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Azure January February 2023 issue cover

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A sunset view of Stellar by Sanjay Puri Architects

Can a building that’s 110 metres long contribute to urban vitality and pedestrian life? As Jane Jacobs wrote in The Life and Death of Great American Cities, long blocks – and long buildings – “tend almost always to be physically self-isolating,” lacking the opportunities for movement and commerce that come with small urban blocks and fine-grained buildings. But in the Indian city of Ahmedabad, a new mid-rise complex by Sanjay Puri Architects proves a rare exception to the rule.

Dubbed Stellar, the new building combines a program of fine-grained retail and office uses with a playfully staggered and dramatically accented massing scheme to offer a vibrant addition to an eclectic – albeit car-dominated – urban milieu. It’s a block-long building with a surprisingly intimate presence.

It all starts at grade. The sprawling structure incorporates a wealth of retailers across the first three floors. Although the building’s flat lower levels lack much articulation, they are enlivened by a diverse retail program that incorporates over a dozen shops and services to foster an active, vibrant environment. The feeling of a bustling street-level hub belies Stellar’s block-long footprint.

Above the three retail levels, the seven-story building is topped by offices. The four upper levels unfold across a more varied facade that breaks up the building’s hulking mass into a series of smaller and more legible volumes. The push-pull rhythm that plays out across the upper levels also carves out a series of generously proportioned terraces, giving office workers a valuable outdoor amenity. And then there’s the red crystalline form that caps the north end of the complex.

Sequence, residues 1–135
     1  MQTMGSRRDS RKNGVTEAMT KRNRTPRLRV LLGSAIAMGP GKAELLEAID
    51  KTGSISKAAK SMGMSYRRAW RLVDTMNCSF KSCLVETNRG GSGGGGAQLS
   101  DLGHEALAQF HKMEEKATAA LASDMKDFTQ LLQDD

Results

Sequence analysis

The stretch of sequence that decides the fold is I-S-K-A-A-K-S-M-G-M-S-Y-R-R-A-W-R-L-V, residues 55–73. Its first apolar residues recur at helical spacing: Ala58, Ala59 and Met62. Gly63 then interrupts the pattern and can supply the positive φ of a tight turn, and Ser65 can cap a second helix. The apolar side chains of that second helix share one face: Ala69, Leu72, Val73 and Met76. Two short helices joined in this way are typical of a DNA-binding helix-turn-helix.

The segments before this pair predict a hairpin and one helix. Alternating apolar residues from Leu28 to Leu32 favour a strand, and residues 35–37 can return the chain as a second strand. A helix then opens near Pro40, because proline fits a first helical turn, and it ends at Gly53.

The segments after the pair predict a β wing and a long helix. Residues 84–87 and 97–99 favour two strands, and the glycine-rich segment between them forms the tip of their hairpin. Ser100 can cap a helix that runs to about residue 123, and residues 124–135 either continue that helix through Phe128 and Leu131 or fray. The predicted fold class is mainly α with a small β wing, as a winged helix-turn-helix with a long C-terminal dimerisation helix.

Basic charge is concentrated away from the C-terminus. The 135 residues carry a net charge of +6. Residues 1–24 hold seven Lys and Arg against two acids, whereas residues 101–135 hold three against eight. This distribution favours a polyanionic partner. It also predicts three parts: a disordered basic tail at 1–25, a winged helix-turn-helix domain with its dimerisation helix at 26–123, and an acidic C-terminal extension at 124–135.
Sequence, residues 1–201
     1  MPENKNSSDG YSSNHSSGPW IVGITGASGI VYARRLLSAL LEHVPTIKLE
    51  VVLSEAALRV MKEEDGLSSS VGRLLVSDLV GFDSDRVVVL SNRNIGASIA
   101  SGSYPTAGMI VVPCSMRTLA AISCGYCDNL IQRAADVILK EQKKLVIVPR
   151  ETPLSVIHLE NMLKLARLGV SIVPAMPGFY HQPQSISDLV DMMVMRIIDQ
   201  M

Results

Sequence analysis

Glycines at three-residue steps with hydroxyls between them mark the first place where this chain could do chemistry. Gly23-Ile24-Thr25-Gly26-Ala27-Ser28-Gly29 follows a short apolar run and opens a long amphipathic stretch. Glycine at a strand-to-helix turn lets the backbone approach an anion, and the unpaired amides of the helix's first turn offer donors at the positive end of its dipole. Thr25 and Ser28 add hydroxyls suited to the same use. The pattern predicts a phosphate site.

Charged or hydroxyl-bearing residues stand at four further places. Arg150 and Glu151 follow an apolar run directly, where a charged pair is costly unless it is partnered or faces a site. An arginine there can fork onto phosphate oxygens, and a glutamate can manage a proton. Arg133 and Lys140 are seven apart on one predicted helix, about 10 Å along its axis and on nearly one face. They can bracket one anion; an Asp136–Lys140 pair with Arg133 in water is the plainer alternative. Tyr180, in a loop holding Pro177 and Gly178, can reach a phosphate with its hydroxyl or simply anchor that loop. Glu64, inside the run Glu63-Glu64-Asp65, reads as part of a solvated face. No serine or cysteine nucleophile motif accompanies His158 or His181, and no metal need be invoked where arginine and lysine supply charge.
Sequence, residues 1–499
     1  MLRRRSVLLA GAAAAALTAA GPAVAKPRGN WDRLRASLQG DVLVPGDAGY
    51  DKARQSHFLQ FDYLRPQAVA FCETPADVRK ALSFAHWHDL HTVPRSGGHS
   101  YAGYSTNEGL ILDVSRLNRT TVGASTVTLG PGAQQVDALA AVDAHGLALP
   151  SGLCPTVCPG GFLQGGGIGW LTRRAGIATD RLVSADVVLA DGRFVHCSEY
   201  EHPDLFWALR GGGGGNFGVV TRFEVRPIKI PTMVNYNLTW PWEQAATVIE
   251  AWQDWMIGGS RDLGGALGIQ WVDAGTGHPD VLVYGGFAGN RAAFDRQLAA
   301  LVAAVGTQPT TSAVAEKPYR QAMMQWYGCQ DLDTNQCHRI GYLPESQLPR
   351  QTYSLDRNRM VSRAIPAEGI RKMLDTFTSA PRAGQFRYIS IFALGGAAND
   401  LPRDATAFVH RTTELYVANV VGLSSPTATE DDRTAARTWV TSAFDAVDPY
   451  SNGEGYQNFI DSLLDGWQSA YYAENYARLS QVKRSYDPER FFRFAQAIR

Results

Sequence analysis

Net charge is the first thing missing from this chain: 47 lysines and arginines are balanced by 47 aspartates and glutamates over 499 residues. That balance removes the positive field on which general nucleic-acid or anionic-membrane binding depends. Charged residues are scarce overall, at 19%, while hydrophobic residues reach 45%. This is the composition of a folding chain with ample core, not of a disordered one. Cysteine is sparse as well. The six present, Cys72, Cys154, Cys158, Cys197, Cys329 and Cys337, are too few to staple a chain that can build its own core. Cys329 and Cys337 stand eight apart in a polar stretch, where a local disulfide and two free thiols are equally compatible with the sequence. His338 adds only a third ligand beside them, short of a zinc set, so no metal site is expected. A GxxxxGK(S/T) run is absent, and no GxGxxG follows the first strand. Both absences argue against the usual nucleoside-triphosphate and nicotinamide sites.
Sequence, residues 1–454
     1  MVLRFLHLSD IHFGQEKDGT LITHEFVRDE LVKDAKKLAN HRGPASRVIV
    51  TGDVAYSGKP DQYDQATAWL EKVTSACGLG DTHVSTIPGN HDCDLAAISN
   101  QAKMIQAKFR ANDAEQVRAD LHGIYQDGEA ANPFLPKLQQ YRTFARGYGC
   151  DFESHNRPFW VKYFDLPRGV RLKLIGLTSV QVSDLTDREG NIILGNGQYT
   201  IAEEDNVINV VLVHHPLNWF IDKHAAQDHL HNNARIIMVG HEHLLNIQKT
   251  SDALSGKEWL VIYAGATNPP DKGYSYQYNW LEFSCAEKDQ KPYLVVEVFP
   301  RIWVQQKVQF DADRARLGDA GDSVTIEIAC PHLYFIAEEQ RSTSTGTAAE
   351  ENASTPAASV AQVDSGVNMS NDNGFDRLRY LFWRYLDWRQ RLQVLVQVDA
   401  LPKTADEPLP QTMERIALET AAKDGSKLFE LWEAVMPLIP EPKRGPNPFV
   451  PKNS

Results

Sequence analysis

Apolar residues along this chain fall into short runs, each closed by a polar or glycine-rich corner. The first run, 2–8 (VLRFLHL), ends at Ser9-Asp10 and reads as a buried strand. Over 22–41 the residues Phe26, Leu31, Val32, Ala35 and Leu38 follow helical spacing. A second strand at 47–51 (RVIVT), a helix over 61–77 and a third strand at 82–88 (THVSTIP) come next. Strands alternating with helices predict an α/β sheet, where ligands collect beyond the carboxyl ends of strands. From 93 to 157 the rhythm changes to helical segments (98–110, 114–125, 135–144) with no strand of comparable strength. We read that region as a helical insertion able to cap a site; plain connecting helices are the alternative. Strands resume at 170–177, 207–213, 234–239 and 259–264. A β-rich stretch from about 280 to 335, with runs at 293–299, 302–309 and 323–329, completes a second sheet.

In form and colour, the ruby red showpiece stands out against the muted envelope of Neolith engineered stone cladding that surrounds it. The striking angular composition of aluminum sheets lends Stellar’s anchor office tenant a bespoke identity, while creating an instant focal point for both the building and the neighbourhood.

But there’s more to it than spectacle. In a climate where daytime temperatures regularly exceed 40° Celsius, the grid of small, recessed windows along the south façade gradually gives way to larger and more extruded fenestration along the north face. While the careful mediation of extruded and recessed windows mitigates solar heat gain to create comfortable conditions, the outdoor spaces are similarly positioned to maximize shade, comfort, and privacy.

It all culminates in a complex that reads more as a residential typology than a commercial hub. Through its mid-rise scale, warm finishes, playful articulated massing, and ample outdoor space – punctuated by green accents – Stellar translates a sort of “resimercial” office aesthetic into the design of the building itself. Even from afar, it’s far from a faceless office complex. But the real magic happens on the sidewalk, where Stellar melds into the fabric of the city with a natural and elegantly messy ease.

In India, a Mid-Rise Complex Embraces Eclectic Urbanism

Sanjay Puri Architects has designed a striking block-long retail and office hub in Ahmedabad.

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